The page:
Stiegler’s Faux-pas?

I have been chipping away very slowly at Stiegler’s Negathropocene.

And here is a paragraph from the end of Part 2 in the book that I thought encompasses, what we might call, a faux pas in reckoning.  Similar to Lacan’s mistake , i’m calling this author’s mistake a faux pas because it seems to me that his mistake he could not help because of his investment in the ubiquity of the social criterion, or so it appears.

In particular I bring out to relief his suggestion that what is required is a change in the theory of value.

what I am calling a faux pas in the context of his proposal is the same type of error that is indicated in Lyotard’s “The differend“, and elaborated on in “ThePost modern condition”.

So It is interesting to me that just prior to this posted paragraph the author comments how he attempts to show where Lyotard’s condition Is insufficient. My answer before I even read his piece is, “of course it’s insufficient because from your position you are required to argue a denial of the situation at hand”, which I have discussed in other posts of mine.

I submit, that if we understand what Zizek has described as “A change in how we reckon change” as an indication of the same requirement that Stiegler is talking about, then he (S) would have to first give us a disclaimer about how what he is writing about a change in the theory of value is not already invested in the very value that is attempting to change by the submission of this essay. Without it, That is called duplicity. Often we have an example of why these theoreticians who are so invested in the social equation and the phenomenological involvement of subjects actually serve to function the perpetuation of the theory of value that they would so hope to change through their use of discourse.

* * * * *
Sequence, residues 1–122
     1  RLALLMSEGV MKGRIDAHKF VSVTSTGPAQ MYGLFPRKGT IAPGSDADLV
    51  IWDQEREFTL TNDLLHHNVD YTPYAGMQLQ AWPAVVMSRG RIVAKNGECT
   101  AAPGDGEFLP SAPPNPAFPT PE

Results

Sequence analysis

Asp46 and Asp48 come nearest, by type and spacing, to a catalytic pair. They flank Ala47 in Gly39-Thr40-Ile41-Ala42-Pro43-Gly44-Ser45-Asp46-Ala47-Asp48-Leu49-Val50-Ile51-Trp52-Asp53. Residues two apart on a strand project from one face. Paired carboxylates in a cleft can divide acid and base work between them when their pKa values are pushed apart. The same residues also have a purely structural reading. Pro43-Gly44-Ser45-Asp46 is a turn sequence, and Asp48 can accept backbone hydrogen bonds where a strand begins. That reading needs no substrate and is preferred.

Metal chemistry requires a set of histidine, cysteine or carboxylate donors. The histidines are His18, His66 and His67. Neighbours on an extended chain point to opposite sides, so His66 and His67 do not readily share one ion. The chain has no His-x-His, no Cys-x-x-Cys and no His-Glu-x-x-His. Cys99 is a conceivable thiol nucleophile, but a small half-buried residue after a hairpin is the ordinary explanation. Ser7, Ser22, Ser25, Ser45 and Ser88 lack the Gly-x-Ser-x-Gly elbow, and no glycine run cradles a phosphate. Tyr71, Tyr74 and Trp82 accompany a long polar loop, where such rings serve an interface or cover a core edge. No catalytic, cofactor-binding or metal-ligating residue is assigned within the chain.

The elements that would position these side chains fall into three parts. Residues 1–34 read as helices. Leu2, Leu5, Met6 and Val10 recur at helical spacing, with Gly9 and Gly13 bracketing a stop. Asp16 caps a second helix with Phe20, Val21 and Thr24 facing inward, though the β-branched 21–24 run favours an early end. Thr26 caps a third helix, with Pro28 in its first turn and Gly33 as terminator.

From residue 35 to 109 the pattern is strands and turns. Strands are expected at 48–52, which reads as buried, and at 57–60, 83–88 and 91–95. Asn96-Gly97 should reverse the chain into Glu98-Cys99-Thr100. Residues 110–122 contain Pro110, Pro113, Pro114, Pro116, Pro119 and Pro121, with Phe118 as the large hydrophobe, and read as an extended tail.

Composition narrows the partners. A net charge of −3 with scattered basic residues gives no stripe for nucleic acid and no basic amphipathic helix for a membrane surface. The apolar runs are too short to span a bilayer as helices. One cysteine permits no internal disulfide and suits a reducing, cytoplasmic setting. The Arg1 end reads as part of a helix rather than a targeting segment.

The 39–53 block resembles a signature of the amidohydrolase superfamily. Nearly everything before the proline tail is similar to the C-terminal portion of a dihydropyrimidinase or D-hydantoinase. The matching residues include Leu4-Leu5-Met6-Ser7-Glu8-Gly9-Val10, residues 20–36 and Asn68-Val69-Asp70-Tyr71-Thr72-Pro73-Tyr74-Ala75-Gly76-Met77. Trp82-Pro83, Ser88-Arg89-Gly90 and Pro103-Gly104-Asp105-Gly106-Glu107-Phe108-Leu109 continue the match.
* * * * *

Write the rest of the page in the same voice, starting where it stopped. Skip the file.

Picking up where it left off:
The question that haunts every modern philosophical text is whether it embodies and thus accounts for this odd incongruence. It is the incongruity that shows up in the lacuna between Hegel and Kierkegaard, As well as Kant and Wittgenstein.


When we get beyond the either/or of quick subjective assertion (I want to be heard! And seen! ) then the political realm garners a more appropriate response. Such reply then has little to do with value as an issue, for the adversary is understood as and inherent part of the struggle. It becomes less an effort of attempt to rid or dispel the adversary and more about changing the relationship. A theory of value is that which is inherently changed by virtue of the fact that the real relationship is changed.  Thus does not occur in politics (the ethical universe), and thus the political effort of argumentation does very little to change the theory of value (see Kierkegaard). But again, this is not an either/or statement (Kierkegaard was caught in his historical moment: hence his despair). It is not suggesting that a person somehow becomes or refrains or steps outside of the political sphere;!rather, the individual’s orientation upon that arena has changed implicitly.


This condition should be what Stiegler stands upon. In this sense, the “macro-economic” reorganization does hint at a recognition, but I think the either/or might have him by the bit, which then leads him in a circle, or maybe and ellipse.

So it seems that Stiegler is arguing the condition that must be brought about by his discussion, and so moves beyond Dasein in as much as he must argue history and society already in the motion of getting beyond: negentropy: which sounds suspiciously Similar to what he is arguing that he is stepping beyond, or that we have stepped beyond. He begins to sound startlingly similar to a child singing in the dark instead of flipping the light switch which she knows lay just in reach on the wall.

I am not sure his historical argument is quite sound beyond the mere words.

But I will read on, and i will report later upon my progress through his book, and I will reflect upon whether or not I was incorrect in this initial assessment of mine.